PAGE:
Our true happiness depends on the state of our souls, and that in its turn is the result of our paideia and capacity of doing justice.


If caring for the soul is what is most essential, then what is caring for the soul? How can we care for the soul?


Fundamental to Socrates’ idea of paideia is his argument that our soul is immortal. Immortal because it is the source of life, and therefore demands to be nourished and cared for in the best possible way. The best is that which is true, because what is deprived of truth cannot remain and will perish. There is a longing in every human soul to live in truth – which means that our soul takes part in only that which has real value, and that we practice those virtues that are necessary in order to live such a life. The values and virtues that are truthful and so care for our soul are called arête – excellent. Paideia is an education in all that is excellent. Excellent are all those values and virtues that have a life-giving quality. To be just, justice, is the ultimate value; because man never lives alone but is always part of a society, and it is only through justice that there can be harmony in a society, that a society can be able to flourish. The highest form of harmony, the most just life or way of living together, is friendship. And there is no friendship without true love – that is: love for the other human soul, not the body. Paideia means also an education in bravery, because we need to be brave to live according to the highest values, to be able to ignore ‘what the people may think’, and only be obedient to the truth. Paideia is always also an education in piety, as we have to respect and live in harmony with our cosmos.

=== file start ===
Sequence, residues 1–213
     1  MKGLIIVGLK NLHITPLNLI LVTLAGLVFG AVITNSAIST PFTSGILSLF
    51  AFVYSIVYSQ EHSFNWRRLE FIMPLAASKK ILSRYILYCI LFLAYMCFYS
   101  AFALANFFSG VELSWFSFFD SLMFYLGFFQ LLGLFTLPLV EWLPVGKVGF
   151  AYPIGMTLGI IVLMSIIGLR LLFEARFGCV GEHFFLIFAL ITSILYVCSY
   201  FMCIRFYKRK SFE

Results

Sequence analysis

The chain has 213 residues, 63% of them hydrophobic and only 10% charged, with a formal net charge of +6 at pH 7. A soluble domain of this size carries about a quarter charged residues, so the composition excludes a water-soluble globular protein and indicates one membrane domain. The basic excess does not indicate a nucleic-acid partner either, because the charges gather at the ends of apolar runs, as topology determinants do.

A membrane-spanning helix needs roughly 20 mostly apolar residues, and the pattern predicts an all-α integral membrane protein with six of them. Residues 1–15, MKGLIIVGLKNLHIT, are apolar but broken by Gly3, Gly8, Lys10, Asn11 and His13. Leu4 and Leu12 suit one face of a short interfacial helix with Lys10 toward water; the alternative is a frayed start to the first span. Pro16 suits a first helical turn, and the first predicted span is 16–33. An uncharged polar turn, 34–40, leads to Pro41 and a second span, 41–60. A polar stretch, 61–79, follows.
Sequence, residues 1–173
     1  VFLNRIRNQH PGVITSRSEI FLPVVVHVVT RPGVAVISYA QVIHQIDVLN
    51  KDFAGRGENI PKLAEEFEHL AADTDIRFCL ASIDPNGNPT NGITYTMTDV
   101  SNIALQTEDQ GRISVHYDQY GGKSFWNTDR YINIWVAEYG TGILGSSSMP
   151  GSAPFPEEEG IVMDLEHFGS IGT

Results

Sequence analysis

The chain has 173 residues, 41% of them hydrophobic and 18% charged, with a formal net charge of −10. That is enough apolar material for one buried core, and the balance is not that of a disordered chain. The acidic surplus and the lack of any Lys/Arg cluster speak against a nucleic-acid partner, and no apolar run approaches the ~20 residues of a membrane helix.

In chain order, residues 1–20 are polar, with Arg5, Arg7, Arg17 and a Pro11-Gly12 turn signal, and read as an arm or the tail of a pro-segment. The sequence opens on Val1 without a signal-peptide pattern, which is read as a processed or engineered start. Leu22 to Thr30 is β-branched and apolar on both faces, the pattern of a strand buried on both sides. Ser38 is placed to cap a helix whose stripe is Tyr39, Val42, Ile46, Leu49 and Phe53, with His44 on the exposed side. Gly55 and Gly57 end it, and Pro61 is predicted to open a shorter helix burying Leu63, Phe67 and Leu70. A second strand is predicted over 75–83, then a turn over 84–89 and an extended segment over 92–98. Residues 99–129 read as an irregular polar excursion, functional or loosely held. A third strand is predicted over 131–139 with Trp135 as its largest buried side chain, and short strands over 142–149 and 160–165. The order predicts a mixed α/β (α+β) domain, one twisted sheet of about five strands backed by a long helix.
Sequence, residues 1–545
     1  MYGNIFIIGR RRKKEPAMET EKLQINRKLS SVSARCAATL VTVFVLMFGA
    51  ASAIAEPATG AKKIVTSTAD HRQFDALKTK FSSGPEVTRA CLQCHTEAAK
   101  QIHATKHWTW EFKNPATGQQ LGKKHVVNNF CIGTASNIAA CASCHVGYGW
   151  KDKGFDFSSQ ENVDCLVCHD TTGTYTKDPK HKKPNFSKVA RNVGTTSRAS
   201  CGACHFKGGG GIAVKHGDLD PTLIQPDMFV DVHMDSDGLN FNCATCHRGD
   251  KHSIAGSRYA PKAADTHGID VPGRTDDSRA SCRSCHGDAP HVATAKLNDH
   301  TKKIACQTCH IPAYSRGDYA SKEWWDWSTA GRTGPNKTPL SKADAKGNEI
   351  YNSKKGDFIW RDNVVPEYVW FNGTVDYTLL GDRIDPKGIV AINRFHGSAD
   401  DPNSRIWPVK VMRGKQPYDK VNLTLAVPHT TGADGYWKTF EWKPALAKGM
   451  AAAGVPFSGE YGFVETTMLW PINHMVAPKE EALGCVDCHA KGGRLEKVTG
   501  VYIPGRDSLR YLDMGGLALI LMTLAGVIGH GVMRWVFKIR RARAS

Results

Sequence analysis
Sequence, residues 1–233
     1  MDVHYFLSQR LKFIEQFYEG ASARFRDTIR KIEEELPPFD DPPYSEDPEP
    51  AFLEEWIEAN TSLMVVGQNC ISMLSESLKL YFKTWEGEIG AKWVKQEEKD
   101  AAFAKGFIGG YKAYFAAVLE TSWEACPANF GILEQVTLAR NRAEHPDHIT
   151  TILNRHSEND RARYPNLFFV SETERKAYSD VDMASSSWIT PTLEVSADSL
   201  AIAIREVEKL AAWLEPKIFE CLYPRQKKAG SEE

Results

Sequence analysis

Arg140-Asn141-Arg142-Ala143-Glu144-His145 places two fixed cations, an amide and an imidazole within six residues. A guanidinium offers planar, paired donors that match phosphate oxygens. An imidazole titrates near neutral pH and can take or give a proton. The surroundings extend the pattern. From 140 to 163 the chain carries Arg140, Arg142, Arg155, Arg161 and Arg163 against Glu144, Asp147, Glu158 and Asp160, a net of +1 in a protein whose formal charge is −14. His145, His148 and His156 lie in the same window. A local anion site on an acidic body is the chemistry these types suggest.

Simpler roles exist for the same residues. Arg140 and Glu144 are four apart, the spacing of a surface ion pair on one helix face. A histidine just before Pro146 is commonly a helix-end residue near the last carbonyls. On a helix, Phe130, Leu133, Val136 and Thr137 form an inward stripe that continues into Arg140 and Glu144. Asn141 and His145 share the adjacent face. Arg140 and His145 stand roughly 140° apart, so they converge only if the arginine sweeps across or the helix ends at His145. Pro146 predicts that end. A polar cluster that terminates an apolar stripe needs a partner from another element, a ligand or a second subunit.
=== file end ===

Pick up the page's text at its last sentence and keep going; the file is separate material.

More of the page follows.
More than anyone else Socrates was aware of the gap between our reality (our lives governed by urges, desires, emotions, fears, ignorance) and the true image of man. Brilliantly, he realized and declared:


‘Look, I am as ignorant as you are about what is good and what is true wisdom! I do not claim to know about these things. But because of that, I will search for it and my life will be a quest. I am not wise, but I am a philo-sophos, I am a lover of wisdom. And I urge you, my fellow citizens of this cosmos, to live this way, too.’


Recommended dialogues by Plato

Alcibiades, Apology, Gorgias, Phaedrus.


July 17th, 2015 by

The story of the movie Agora by Alejandro Amenabar is based on real events that took place in the 4th century in Alexandria – at that time, with its Library and Platonic School and large Jewish intellectual community, the cultural capital of Europe. Yet it was a time of great political and social turmoil. The Roman Empire was in decline, and a new sect of people who called themselves ‘Christians’ became more and more prominent and was no longer willing to accept the laws and the polytheism of the Romans. In fact, they are becoming so powerful that the Roman elite, fearing the mob and already losing its power, almost entirely converts to this new religion, which means that they have to obey the leaders of this church, the bishops.